TQR — Denton’s Three Questions and Four Principles and an Observation of My Own.

Recently I wrote about Denton’s How to Make a Faceted Classification and Put it on the Web. In sec­tion 4 he intro­duces three ques­tions and four prin­ci­ples that pro­vide use­ful guid­ance when imple­ment­ing nav­i­ga­tion sys­tems for infor­ma­tion archi­tec­tures that rely on faceted classification.

The three ques­tions step through some basic ques­tions that you need to answer before you set out to design your nav­i­ga­tion system.

  1. Are you design­ing for free nav­i­ga­tion (aka brows­ing) or nav­i­ga­tion by selec­tion (aka searching)?
  2. What are your facets like?
  3. Will you give the user con­trol over the cita­tion order?

Characterizing your facets in ques­tion 2 is the tricky one. How may facets you have, how they relate to each oth­er, how even­ly the foci are dis­trib­uted, etc. will all inform your deci­sions when design­ing a nav­i­ga­tion sys­tem. Unfortunately there isn’t a check list that match­es facet char­ac­ter­is­tics to best nav­i­ga­tion design. You’ll have to experiment.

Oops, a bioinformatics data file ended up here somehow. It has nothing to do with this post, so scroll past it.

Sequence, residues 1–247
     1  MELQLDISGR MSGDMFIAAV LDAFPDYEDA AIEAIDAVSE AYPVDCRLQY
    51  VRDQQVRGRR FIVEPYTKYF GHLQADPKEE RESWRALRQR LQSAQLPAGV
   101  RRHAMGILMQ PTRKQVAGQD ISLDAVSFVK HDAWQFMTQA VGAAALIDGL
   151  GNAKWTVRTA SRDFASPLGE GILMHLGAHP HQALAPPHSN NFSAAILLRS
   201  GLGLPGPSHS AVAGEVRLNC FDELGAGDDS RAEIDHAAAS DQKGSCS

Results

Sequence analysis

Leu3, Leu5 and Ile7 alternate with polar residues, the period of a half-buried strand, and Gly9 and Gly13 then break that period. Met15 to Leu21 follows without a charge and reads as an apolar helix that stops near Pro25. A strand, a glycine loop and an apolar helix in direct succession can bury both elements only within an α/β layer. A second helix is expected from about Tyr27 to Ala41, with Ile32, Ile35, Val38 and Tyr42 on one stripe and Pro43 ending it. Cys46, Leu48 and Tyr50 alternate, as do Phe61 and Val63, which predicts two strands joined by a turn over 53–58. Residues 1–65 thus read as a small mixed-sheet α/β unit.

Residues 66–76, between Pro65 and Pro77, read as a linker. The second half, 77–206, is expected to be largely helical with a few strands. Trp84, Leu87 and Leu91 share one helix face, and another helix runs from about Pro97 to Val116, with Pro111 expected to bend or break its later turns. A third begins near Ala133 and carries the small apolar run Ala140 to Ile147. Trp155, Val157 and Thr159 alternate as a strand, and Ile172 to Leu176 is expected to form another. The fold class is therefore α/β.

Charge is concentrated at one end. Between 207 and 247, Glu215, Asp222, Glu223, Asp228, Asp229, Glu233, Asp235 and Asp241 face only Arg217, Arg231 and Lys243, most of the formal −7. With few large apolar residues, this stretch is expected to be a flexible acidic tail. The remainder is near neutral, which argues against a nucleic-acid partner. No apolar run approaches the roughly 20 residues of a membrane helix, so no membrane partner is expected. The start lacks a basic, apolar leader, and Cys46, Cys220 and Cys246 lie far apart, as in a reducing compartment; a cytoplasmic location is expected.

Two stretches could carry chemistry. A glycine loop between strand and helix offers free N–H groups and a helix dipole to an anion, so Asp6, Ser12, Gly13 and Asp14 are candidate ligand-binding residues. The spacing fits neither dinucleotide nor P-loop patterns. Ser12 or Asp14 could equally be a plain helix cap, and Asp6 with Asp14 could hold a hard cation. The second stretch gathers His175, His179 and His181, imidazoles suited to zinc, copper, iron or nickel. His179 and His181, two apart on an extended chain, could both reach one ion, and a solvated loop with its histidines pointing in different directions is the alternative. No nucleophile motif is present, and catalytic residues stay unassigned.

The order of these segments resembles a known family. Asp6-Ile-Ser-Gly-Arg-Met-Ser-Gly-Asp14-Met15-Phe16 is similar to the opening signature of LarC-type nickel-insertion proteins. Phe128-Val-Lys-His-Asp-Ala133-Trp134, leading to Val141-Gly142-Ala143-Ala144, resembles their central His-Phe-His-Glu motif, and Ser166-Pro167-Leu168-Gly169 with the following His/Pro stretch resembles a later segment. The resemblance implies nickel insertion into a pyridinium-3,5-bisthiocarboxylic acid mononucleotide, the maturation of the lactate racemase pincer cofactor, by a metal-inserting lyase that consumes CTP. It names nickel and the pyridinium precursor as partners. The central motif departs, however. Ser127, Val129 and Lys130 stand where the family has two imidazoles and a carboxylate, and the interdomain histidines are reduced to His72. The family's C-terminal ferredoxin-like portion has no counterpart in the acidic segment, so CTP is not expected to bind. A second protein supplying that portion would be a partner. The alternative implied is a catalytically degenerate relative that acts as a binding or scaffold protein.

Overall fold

When think­ing about your design deci­sions Denton offers the four fol­low­ing principles

  1. Do not allow the user to cre­ate a query with no results.
  2. Show the user where they are.
  3. Make it easy to adjust or refine the query.
  4. Use the URL as the nota­tion for the classification.

I can quib­ble with the details. (A null return is use­ful — if you can show the user which parts of the query have results and which don’t.) But the prin­ci­ples are always valid points to consider.

I par­tic­u­lar­ly love his fourth prin­ci­ple — that the URL should be a human under­stand­able rep­re­sen­ta­tion of the foci loaded into the facets that got the user to the cur­rent loca­tion. Technically a roy­al pain in the ass to cre­ate and some would claim use­ful only to uber-geeks But think on it. How often have you gone to a book­marked page and then chopped of the URL’s tail or altered a word or two to get to some place when you did­n’t fell like typ­ing some big ole URL? How often have you been frus­trat­ed in the attempt?

The par­tic­u­lar cul­prit in most cas­es of incom­pre­hen­si­ble URLs is dynam­ic web pages — AJAX, PHP, and all their data­base gen­er­at­ed con­tent friends.

A recent client was dri­ven nuts by the fact that when she viewed her site sta­tis­tics the page names dis­played as:


ProdID116 was utter­ly mean­ing­less to her. As were 95% of the oth­er page names. There was no easy way to force the use of a rea­son­able fac­sim­i­le of the prod­uct name in the URL. Complex kludg­ing ensued; reports were gen­er­at­ed. But not as fre­quent­ly or accu­rate­ly as they should have been. All very unsatisfactory.